Ag Instructor Vic Martin: Insects and Winter

Great Bend Tribune
Published January 8, 2017

First an update on the drought monitor is in order.  Even with recent moisture, all but Northeast and part of North Central Kansas are in some stage of moisture deficit.  Barton County is on the eastern edge of abnormally dry as is most of Rice County.  Just to our northeast the deficit disappears.  Moderate drought is as close as western Pawnee County and severe drought has settled over much of Southwest Kansas.  This is hardly unusual for the western half of the state, however, damage to winter wheat due to cold is often tied to soil moisture deficits.

Today’s topic, “Insects and Winter,” is of interest as people noted seeing Asian lady beetles and other insects when it warmed up after having temperatures reach -15 degrees.  First our temperate climate, having winter, does help mitigate insect problems compared to places like the Southeastern United States.  As you recall from your school science class, insects are cold-blooded.  They cannot regulate their internal body temperature like mammals and birds can.  However, they have a variety of physiochemical adaptions to survive freezing temperatures.

  • Insects have an ability termed diapause.  In diapause, development and activity are suspended in response to adverse environmental conditions.  The insect is in essence dormant to avoid heat, drought, or here cold. Environmental triggers cause this behavior to be initiated and to end.  Diapause can occur during egg, immature, pupal, or adult stages.  For the pupal and egg stages, metabolism is minimal while in adult and immature stages it may resemble what we think of as hibernation or they may feed and move but at a minimal rate.  A very typical trigger to initiate and end diapause is the change in photoperiod, day length, as seasons change.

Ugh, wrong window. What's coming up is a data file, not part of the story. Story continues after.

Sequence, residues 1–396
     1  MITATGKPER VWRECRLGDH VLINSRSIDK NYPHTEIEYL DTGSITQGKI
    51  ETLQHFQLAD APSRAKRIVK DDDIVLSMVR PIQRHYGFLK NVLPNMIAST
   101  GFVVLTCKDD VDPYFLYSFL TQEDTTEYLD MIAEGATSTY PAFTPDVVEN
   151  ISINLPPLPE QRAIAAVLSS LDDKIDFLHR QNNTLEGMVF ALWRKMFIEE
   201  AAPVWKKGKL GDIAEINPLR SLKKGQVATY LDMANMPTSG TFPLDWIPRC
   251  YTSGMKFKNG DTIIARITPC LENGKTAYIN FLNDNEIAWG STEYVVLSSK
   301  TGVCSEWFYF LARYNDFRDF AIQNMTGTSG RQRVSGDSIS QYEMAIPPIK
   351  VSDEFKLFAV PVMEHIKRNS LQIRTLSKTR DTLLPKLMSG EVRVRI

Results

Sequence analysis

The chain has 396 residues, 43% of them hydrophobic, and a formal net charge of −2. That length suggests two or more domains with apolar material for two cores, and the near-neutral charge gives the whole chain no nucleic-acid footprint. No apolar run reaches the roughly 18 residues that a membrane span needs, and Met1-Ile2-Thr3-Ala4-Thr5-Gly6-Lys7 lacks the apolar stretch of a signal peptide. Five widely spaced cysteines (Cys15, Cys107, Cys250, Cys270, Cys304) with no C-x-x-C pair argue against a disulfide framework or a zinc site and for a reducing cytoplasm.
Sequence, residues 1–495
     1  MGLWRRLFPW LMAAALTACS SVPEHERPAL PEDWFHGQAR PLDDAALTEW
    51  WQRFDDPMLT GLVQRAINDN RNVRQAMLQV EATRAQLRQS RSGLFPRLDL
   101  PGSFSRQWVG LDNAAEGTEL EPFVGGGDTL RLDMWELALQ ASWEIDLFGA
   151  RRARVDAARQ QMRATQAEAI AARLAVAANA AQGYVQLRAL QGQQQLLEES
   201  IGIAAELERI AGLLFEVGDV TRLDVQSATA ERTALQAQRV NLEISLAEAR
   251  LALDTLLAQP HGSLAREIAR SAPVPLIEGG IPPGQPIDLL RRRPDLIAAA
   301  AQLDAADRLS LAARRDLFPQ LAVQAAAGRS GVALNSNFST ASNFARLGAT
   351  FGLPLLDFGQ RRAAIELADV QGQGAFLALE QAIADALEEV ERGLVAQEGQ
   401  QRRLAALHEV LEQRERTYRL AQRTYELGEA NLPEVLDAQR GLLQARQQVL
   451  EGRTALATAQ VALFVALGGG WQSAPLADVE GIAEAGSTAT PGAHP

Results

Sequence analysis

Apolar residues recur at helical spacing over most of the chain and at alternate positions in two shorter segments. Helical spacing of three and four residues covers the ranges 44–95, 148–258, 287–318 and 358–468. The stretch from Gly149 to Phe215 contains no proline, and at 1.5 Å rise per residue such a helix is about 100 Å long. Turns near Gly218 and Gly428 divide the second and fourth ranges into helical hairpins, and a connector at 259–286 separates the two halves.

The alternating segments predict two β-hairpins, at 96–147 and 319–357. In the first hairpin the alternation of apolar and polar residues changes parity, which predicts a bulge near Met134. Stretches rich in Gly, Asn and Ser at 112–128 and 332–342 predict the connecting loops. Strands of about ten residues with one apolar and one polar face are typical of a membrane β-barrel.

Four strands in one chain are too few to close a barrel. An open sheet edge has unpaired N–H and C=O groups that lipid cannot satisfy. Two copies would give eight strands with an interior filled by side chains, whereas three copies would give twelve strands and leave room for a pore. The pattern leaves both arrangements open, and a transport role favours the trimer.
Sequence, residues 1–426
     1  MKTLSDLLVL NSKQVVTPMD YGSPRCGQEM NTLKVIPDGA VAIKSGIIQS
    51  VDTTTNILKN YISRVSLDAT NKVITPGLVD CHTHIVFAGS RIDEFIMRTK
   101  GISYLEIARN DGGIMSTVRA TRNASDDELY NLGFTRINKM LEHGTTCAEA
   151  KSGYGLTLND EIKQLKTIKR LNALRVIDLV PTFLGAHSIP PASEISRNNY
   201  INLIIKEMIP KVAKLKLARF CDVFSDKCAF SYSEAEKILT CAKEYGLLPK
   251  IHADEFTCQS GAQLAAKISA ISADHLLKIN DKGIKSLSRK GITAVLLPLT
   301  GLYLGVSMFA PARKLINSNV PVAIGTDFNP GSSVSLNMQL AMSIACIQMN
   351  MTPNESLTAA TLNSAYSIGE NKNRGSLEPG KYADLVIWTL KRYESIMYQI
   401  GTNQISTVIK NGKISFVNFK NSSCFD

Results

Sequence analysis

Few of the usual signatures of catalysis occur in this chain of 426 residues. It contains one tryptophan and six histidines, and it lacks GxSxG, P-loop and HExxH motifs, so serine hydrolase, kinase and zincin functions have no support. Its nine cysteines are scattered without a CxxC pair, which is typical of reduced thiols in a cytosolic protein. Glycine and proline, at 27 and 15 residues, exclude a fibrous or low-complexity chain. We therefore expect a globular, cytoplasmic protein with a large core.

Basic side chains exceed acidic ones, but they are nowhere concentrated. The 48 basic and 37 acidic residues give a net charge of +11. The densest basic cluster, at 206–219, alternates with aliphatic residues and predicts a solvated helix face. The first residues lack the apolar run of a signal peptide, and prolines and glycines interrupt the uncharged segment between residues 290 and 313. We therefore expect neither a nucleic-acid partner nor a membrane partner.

• If you noticed all the pretty butterflies in alfalfa fields last fall, they were laying eggs which will overwinter and hatch in the spring.  An insect like Hessian fly larvae infesting wheat will travel to the crown of the plant and overwinter in the stems of tillers as pupa termed flaxseed.  Army cutworm and several other moth caterpillar larvae survive in that stage over winter below the soil surface in fields of crops like wheat and canola here.  They come out to feed at night or on cloudy days on canola and wheat that have broken dormancy.  Some of the “pesky” adult insects such as the lady beetles, box elder bugs, and house flies find places to hang out and reappear during periods of warmth.  Before we speak to insects surviving freezing temperatures, keep in mind many don’t.  However there is survival in numbers.  During mild winters more survive to inundate the environment more quickly.  More severe winters hold back their numbers and the population grows more slowly until adults can reproduce.

Briefly how do they survive the cold?  First insects that burrow in the ground have an advantage and the deeper they burrow the better.  Except during weather cold enough for the ground to freeze to several inches, insects in the soil, while cold, can stay above freezing.  Next there is super-cooling.  Here the insect changes physiologically and lowers the temperatures for its cells to freeze.  Essentially making antifreeze for its cells.  Finally, we have freezing tolerance where the cell contents actually freeze but the insect cells remain intact.

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